Canon Vixia HF10 High-Definition Camcorder
At a Glance
Canon Vixia HF10
This compact camcorder combines sharp AVCHD video, flash memory, easy and flexible operation, and a reasonable price.
The Canon Vixia HF10 ($1000 as of September 28, 2008) has a lot going for it. It's light and compact, it generates fine images without much effort, it offers good control over look and frame rate, it carries a reasonable price, and it works well with both Windows and Mac software. But one thing holds this model back: Its video bit rate is set to run substantially below the AVCHD format's maximum of 24 mbps. The HF10 maxes out at 17 mbps, which is the bit rate we used for our testing. Three subsequent Canon models--the Vixia HF11, the Vixia HG20, and the Vixia HG21--support 24-mbps capture.
The Vixia HF10 captures images with a 0.31-inch CMOS sensor, and it can compress video at four quality settings, ranging from 5 mbps to 17 mbps. At the highest bit rate, the camera encodes AVCHD video to a resolution of 1920 by 1080 pixels, and at lower bit rates to 1440 by 1080 pixels.
Video produced at the 17-mbps bit rate held up well against the output of other camcorders in our recent "Camcorders: High-Def, No Tape" roundup. Overall, our subjective testers rated the images almost as highly as they did the images from the tape-based Canon Vixia HV30 and from the hard-drive-based Sony Handycam HDR-SR12, noting in particular very good resolution and smooth movement.
In the PC World Test Center's evaluation, the HF10's images showed a bit of oversaturation, but the HF10 doesn't pump up colors nearly as much as the salespeople do at your local HDTV emporium. In low light, the video showed a touch of gain noise, but that was evenly distributed and not too distracting. Still images were good but not great, essentially equivalent to those of other HD camcorders (i.e., not as good as stills from $150 digital still cameras).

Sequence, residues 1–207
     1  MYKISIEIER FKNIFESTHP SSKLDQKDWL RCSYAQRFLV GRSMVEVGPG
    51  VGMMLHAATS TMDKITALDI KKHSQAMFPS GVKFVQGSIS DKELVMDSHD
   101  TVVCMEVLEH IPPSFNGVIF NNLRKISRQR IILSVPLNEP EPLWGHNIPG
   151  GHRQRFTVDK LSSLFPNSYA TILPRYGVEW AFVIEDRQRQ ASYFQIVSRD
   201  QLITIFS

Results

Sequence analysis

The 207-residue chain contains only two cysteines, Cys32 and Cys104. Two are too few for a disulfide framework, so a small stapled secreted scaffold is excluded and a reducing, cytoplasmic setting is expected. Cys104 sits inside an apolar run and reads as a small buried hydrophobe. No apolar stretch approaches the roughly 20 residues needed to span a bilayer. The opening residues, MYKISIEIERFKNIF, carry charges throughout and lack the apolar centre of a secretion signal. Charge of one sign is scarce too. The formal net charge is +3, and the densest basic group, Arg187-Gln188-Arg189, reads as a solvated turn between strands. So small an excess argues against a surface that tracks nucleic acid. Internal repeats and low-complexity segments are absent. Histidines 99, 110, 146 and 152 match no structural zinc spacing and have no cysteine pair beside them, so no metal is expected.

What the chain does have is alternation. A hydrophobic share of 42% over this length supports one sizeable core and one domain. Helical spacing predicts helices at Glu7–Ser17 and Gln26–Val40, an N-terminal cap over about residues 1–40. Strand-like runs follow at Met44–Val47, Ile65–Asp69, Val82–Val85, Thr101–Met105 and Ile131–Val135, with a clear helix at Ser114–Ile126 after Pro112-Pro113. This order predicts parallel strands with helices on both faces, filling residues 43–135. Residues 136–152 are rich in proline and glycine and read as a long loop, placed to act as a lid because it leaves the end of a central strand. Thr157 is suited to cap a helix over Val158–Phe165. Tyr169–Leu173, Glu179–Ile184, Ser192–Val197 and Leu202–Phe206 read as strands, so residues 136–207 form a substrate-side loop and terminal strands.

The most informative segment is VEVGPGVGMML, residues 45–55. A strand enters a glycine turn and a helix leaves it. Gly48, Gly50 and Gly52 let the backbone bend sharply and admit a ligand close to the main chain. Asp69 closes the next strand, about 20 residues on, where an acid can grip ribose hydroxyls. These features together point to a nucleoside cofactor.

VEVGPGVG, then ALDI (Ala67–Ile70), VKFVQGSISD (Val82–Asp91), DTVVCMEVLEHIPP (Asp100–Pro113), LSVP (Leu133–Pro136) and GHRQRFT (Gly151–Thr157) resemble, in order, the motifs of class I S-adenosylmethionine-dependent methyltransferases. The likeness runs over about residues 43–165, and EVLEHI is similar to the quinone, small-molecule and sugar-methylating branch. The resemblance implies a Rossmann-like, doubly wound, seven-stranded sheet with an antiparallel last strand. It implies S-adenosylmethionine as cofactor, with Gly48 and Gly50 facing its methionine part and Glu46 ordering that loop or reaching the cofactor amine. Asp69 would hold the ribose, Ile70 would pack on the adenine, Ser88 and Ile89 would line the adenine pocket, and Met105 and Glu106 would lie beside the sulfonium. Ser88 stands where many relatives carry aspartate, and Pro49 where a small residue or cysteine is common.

The HF10 makes capturing those images easy, with a 12X optical zoom lens, fast and accurate automatic focusing, a great optical stabilizer, and a simple and effective automatic mode. The eight special scene modes--ranging from sports and night to beach and sunset settings--work well. The camcorder's lack of a viewfinder is a minor drawback amplified somewhat by the HF10's fleeting battery life (average for a tapeless HD camcorder) of about 90 minutes.
You can use the joystick provided next to the outer edge of the bright 2.7-inch LCD to navigate the well-organized menus. The joystick's position works well for adjusting camera settings, but it can induce unwanted camera movement during handheld manual focusing. Playback controls are situated conveniently, right under the LCD.
This lightweight (about 15 ounces with battery) camcorder is about the size of a can of energy drink; but despite its compactness (2.5 by 2.9 by 5.1 inches), it comesequipped with mic and headphone jacks, and a hot shoe mount. Alas, the hot shoe is of a proprietary size that doesn't allow you to mount many common third-party microphones in it.
The HF10 can record video at any of three frame rates optimized for standard video, Web-bound content, or a more filmlike feel: 60 interlaced fields per second (60i); 30 progressive frames per second (30p); and 24 progressive frames per second.
The camcorder's 16GB internal flash memory holds just over 2 hours of video at the device's highest quality setting; users can add an SDHC card to extend the available recording time. You can connect the camera to an HDTV via a mini-HDMI connector or to a computer via the USB connector. Editing video requires a fast CPU, as is the case with all AVCHD camcorders. The footage is compatible with various types of AVCHD-friendly editing software for Windows or Mac, and Canon bundles the basic Windows-based Image Mixer 3 SE.
The Canon Vixia HF10 isn't perfect, but its balance of benefits and shortcomings tilts heavily toward benefits, helping it to a third-place finish on our comparison chart. The Sony Handycam HDR-SR12 beats this model on image quality, but the Canon Vixia HF10 gives you more options for the look of your video. At this point, however, that says more about the promise of the HF10's higher-bit-rate successors than about the HF10 itself.